Note:  Do not rely on this information. It is very old.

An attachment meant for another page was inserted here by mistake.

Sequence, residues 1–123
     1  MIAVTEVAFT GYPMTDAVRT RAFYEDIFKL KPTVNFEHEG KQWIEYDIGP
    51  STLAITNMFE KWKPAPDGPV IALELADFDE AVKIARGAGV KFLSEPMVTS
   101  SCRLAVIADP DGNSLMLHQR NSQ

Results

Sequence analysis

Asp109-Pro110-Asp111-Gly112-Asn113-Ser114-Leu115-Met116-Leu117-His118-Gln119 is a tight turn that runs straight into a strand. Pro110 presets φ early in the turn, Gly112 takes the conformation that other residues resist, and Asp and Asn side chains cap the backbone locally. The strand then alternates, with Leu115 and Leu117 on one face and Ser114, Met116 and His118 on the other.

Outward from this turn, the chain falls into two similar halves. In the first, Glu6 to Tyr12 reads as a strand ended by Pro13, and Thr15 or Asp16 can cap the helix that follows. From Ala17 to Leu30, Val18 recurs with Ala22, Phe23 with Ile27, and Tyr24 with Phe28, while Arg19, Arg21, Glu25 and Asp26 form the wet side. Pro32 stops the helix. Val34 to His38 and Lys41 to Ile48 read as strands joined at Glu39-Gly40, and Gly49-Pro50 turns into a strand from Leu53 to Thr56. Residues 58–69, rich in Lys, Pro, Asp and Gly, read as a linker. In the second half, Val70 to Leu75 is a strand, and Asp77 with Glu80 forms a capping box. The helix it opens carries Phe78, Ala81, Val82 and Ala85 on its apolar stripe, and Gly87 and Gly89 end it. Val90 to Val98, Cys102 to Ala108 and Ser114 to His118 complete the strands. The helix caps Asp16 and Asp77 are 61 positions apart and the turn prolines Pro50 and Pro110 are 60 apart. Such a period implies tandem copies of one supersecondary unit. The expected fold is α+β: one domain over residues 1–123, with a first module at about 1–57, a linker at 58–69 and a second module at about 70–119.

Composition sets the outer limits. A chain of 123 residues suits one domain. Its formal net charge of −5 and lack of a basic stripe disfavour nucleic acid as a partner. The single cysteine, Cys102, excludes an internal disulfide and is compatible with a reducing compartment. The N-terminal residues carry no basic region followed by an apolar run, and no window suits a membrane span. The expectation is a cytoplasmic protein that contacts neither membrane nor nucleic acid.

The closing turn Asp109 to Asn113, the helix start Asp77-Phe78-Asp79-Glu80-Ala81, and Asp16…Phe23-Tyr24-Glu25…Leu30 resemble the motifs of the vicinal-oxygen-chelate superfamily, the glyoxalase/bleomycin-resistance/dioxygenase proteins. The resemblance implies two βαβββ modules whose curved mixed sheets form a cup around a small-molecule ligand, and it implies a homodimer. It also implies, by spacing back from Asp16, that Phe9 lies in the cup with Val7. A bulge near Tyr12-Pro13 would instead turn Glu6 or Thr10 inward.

Sail (derived from Latin sagulum, "a cloak "), a device used on board a boat or ship for catching the wind and so propelling the vessel. It general1y consists of several breadths of canvas, served with a double seam at the corners, and edged by cords called bolt-ropes. Sails used on square-rigged vessels and fixed on yards are called square-sails; those fixed on a gaff, boom, or stay, are called fore- and- aft sails. The top of a square sail is the head, the bottom the foot, the weather- or windward-side is called the luff, the other side the after-leech. The two lower corners are called clues, the weather clue being the tack. The sails take their prefix from the masts, and consist of courses, topsails, and topgallant-sails. Other varieties are lug-sails, which are extended on a yard hauled nearly to the top of a mast, spritsails, the outer upper corner of which is extended by a sprit or boom going from the bottom of the mast, and lateen sails, which are much used in the East and have a long yard or boom affixed to a short mast. Many other sails are also in use, and on some yachts silk is employed as a materia1. Sails are also used on windmills to catch the wind.